herself as a “strict disciplinarian.” She is responsible for
In school year 2008–09, PDHS’s enrollment was 1,814                 submitting attendance each morning, getting student
students. The student population is primarily Hispanic (52.8        assignments from teachers, and returning the assignments to
percent), followed by African American (22.8 percent) and           the teachers. Teachers assign work from the regular Amarillo
White (15.2 percent). Asian students make up 9.1 percent of         ISD Standards 2.0 Curriculum and/or remedial assignments,
PDHS’s student population, while Native American students           if appropriate. The ISS coordinator explained that students
represent 0.2 percent. The campus is rated by TEA as                may be placed in ISS from one to ten days but that average
Academically Acceptable.                                            placement is five days. Each student assigned to ISS at PDHS


12      LEGISLATIVE BUDGET BOARD                                                           TEXAS SCHOOL PERFORMANCE REVIEW
AMARILLO INDEPENDENT SCHOOL DISTRICT                               A REVIEW OF THE STUDENT BEHAVIOR MANAGEMENT SYSTEM


signs a contract acknowledging the classroom rules and            classroom, use of Amarillo ISD Standards 2.0, structured
expectations.                                                     environment, and students are required to work all day. In
                                                                  addition, they identified the following concerns: missed labs
CAPROCK HIGH SCHOOL                                               and active learning opportunities, assignments are not as
In school year 2008–09 CHS’s enrollment was 1,822                 rigorous due to lack of direct teaching, lack of certified
students. The student population is predominantly Hispanic        teacher, getting work to and from the ISS classroom presents
(67.8 percent), followed by White (25.8 percent). African         logistical problems, teachers don’t always know their students
American students account for 5 percent of the student            are in ISS or when they will return to the classroom, ISS
population, followed by Asian students at 1.1 percent and         implementation is not consistent across the district, some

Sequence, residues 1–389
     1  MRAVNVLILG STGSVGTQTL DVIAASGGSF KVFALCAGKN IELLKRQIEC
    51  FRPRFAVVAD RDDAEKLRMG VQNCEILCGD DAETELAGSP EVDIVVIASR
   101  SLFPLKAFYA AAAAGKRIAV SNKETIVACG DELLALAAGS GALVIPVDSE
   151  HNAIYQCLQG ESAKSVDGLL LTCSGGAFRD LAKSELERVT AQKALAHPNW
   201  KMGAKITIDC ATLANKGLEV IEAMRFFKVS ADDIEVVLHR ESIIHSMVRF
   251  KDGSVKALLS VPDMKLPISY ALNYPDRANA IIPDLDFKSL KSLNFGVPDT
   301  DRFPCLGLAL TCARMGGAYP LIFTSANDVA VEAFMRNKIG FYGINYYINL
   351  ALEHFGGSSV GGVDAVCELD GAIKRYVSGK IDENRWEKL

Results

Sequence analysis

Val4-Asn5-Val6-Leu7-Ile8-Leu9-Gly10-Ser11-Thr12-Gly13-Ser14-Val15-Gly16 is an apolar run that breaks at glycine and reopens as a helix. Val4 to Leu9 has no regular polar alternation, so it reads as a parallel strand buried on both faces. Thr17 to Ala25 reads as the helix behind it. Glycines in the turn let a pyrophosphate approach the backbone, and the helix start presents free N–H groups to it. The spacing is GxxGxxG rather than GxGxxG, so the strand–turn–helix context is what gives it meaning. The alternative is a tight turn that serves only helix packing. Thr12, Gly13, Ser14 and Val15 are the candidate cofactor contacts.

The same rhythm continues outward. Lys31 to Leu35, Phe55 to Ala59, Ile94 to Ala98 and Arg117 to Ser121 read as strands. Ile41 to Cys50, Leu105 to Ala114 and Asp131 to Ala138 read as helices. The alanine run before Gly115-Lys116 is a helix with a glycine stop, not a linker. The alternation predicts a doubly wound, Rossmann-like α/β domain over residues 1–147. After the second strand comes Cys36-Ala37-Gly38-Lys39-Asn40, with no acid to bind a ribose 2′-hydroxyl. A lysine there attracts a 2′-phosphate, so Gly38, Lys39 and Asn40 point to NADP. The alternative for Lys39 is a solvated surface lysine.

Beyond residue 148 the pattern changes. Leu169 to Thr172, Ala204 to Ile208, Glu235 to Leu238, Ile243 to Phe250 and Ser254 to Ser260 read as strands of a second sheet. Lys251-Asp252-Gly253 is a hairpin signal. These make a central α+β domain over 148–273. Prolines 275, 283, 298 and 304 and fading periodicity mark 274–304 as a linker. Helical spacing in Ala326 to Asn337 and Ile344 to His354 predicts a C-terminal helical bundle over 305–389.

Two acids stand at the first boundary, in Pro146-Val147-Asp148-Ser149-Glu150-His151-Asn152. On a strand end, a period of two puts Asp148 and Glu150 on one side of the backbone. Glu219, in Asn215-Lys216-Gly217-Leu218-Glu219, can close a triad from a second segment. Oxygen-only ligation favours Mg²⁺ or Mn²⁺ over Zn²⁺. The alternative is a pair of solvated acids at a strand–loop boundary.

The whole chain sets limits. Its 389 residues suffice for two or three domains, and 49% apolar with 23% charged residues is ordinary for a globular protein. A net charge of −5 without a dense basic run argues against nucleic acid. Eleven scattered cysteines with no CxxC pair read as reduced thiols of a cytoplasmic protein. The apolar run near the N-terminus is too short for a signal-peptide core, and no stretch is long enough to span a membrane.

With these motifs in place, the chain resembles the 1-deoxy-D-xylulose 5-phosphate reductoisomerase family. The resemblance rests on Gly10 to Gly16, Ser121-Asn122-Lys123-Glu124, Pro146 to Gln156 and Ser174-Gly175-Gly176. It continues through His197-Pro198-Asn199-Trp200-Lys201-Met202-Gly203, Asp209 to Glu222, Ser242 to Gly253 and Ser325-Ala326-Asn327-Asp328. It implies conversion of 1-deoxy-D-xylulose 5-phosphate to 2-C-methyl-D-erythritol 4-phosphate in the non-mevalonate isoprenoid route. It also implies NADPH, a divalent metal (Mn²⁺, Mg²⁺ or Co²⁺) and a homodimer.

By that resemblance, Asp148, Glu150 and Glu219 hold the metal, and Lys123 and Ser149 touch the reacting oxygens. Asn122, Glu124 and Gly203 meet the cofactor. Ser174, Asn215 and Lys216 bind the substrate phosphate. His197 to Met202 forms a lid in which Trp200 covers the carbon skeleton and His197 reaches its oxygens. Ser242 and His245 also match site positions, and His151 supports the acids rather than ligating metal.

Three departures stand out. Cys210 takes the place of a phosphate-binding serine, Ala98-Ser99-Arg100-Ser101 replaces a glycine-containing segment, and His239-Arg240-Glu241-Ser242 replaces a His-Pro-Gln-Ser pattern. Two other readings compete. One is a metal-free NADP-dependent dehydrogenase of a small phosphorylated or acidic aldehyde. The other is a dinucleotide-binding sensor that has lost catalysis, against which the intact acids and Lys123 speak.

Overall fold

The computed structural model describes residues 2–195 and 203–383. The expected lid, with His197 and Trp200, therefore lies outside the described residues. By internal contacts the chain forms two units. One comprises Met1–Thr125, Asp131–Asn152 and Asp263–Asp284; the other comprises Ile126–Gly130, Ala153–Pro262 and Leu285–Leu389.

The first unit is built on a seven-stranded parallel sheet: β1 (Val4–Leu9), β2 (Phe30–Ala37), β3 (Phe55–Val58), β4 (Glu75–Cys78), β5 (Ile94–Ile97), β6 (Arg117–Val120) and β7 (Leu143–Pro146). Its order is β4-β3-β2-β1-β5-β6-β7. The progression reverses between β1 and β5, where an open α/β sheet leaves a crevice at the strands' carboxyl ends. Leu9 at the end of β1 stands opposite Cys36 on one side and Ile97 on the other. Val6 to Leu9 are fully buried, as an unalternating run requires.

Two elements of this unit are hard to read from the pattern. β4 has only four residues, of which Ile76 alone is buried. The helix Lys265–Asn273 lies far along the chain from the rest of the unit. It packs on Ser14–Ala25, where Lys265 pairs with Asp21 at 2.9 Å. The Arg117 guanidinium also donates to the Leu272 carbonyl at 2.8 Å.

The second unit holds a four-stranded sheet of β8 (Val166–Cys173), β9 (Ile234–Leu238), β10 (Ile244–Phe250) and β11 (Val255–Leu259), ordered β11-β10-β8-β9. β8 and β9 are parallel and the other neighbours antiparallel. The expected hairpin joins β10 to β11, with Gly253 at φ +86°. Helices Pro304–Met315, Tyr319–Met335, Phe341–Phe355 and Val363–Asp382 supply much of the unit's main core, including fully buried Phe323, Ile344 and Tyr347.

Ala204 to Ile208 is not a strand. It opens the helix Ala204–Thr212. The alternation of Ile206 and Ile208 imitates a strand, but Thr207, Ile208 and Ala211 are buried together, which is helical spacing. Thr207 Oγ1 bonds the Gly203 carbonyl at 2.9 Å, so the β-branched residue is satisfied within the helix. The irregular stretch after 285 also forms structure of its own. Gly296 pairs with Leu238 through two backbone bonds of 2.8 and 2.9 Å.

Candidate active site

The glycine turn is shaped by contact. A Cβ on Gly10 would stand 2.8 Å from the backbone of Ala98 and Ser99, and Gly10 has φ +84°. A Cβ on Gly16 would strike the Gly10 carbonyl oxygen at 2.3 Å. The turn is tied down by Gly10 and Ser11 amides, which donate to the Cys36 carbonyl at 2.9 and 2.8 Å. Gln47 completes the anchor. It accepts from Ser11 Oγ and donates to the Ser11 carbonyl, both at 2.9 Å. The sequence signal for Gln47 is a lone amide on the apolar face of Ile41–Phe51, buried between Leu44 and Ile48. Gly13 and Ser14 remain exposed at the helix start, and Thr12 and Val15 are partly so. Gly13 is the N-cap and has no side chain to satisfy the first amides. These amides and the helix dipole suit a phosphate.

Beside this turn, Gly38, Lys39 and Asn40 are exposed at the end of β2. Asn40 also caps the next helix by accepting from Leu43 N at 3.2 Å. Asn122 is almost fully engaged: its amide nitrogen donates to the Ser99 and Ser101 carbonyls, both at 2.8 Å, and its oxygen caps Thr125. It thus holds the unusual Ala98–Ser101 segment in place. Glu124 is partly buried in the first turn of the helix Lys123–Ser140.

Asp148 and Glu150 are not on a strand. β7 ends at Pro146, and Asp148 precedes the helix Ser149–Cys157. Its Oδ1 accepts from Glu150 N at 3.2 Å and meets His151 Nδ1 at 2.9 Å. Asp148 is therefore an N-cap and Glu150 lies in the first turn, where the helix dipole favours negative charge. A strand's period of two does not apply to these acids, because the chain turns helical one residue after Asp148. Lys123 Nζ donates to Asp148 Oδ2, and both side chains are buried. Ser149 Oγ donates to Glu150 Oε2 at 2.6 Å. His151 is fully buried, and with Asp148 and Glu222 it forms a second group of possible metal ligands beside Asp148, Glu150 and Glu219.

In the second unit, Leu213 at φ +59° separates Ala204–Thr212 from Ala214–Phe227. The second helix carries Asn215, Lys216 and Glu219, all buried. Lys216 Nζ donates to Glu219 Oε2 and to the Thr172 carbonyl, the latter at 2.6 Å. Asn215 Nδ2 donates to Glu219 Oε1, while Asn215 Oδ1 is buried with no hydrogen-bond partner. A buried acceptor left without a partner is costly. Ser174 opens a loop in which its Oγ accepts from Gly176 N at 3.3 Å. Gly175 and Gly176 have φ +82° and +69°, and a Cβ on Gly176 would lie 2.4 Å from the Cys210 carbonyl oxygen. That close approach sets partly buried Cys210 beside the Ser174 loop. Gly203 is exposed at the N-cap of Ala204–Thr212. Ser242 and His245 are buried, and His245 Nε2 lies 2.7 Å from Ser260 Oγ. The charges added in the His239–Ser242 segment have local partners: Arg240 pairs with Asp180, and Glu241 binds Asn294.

Native American students at 0.3 percent. The campus is            students would rather be in ISS than the regular classroom
rated Academically Acceptable with a Gold Performance             and act out in order to be assigned to ISS.
Acknowledgement for Comparable Improvement in
                                                                  Exhibits 11 and 12 show the number of ISS incidents and
Mathematics.
                                                                  the number of students assigned to ISS for school years
The campus principal was appointed in the summer of 2008          2007–08 and 2008–09 for Amarillo ISD and the state,
and restructured the campus into individual grade level           respectively. The ISS data for Amarillo ISD (Exhibit 11)
communities called “Houses,” i.e., Freshman House,                shows decreases in the number of students and the number
Sophomore House, Junior House, and Senior House. Each             of ISS actions from school year 2007–08 to 2008–09 for
“House,” or community, has a principal and a counselor and        most student categories, with one exception. The number of
follows the Amarillo ISD Standards 2.0 Curriculum.                Asian students assigned to ISS increased by 41.7 percent,
Interviews with the principal revealed that, in addition to the   from 48 students in school year 2007–08 to 68 students in
reorganization of the campus, there were multiple staffing        school year 2008–09. The Asian student group ISS actions
and programmatic changes. Faculty participated in a two-          increased by 55.7 percent. The African American and
day workshop focusing on brain-based, cooperative learning        Hispanic students both decreased by about 8 percent.
and multiple intelligences structures in the classroom.
                                                                  Exhibit 12 shows the statewide ISS data has a similar pattern